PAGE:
Depression has been officially described and classified as one of the mood disorders by the American Psychiatric Association since the 1980s.
However despite almost four decades of research and studies, wrong notions about the disorder are still prevalent. Amongst the most popular belief is that sadness and depression are one and the same. Furthermore, some people are convinced that depression is a result of a weak mental state and is not a real illness.
In reality according to the Center of Disease Control and Prevention, 9% of adults suffer from the disease. It is the leading cause for disability for Americans ages 15 to 44. Thankfully, treatment and diagnosis for depression have come a long way. In fact, researchers from MIT recently announced a breakthrough that might be able to help diagnose depression before symptoms become apparent.
Scientists from MIT's McGovern Institute unveiled their study this week that detail how brain imaging can identify which children have a high propensity for depression. In their research, the scientists conducted a study in which two sets of children, one with family history of depression and the other without, were subjected to brain scanning in order to find out whether or not there are difference in brain activity in children at higher risk for the illness.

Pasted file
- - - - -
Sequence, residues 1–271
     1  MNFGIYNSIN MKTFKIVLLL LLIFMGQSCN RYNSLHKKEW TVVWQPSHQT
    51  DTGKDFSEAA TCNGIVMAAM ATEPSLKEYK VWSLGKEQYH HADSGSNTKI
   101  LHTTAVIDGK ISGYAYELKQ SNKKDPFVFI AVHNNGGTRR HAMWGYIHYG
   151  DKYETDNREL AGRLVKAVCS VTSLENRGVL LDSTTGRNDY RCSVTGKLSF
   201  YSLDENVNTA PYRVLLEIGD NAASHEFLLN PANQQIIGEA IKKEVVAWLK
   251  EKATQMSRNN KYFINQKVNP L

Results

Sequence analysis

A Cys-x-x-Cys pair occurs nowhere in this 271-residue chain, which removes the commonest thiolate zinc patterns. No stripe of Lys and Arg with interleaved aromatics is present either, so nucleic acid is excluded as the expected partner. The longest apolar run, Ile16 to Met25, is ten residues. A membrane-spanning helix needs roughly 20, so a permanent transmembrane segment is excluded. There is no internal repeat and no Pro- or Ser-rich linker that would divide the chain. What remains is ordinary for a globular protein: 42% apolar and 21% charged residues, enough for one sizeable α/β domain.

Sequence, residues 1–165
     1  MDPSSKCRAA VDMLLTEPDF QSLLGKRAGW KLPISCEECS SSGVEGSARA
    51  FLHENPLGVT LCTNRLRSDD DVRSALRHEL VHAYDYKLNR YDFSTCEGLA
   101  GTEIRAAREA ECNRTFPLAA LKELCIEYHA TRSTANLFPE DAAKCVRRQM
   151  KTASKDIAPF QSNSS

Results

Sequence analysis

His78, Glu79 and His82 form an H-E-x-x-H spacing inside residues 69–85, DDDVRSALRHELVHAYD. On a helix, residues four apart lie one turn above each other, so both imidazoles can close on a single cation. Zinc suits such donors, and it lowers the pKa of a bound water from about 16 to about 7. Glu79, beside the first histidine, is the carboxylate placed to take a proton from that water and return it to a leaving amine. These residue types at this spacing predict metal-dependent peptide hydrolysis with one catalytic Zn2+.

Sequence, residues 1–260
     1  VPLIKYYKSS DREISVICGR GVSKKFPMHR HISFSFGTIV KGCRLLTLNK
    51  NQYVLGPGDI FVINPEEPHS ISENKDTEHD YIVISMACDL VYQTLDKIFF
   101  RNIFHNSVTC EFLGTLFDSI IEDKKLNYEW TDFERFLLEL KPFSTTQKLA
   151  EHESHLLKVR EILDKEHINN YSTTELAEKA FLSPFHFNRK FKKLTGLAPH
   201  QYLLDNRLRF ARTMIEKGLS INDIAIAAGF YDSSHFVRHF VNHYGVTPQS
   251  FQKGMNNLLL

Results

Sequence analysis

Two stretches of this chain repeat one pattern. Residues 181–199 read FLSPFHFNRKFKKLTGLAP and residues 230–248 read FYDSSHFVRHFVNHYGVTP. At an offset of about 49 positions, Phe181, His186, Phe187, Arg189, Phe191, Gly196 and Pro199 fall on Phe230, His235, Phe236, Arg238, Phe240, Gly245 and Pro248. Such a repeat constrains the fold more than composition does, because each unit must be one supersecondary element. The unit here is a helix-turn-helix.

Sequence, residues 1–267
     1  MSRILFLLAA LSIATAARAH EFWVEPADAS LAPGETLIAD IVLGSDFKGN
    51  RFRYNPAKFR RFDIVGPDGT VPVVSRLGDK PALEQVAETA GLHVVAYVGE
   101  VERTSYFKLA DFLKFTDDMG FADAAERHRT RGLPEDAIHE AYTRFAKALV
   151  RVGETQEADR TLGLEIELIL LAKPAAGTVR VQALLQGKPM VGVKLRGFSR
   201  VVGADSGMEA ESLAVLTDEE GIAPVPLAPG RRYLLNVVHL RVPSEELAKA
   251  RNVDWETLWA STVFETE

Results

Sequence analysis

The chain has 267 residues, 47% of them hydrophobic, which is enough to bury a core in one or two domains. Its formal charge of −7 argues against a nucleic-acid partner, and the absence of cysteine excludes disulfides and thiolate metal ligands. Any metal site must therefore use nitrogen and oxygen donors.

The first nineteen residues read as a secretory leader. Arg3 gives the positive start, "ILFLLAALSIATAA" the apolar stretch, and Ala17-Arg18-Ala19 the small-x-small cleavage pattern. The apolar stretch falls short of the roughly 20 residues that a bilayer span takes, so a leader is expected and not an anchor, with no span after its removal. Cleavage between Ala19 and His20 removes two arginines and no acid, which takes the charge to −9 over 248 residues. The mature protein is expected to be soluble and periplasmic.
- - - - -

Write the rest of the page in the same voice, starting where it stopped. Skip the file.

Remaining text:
"They answer is there are very great differences. We saw differences that were striking in a number of circuits including those that change in depression, including those involved in feelings, other parts that are involved in thinking" explained John Gabrieli, a professor from MIT who has been integral in the research.
Gabrieli has since explained the importance of their discovery and according to the professor in diagnosing depression before symptoms kick in they are saving people from having to experience the insurmountable grief depression brings.
"So we want to learn both to identify early children who are at true risk, help them before they struggle and learn from those that are resilient"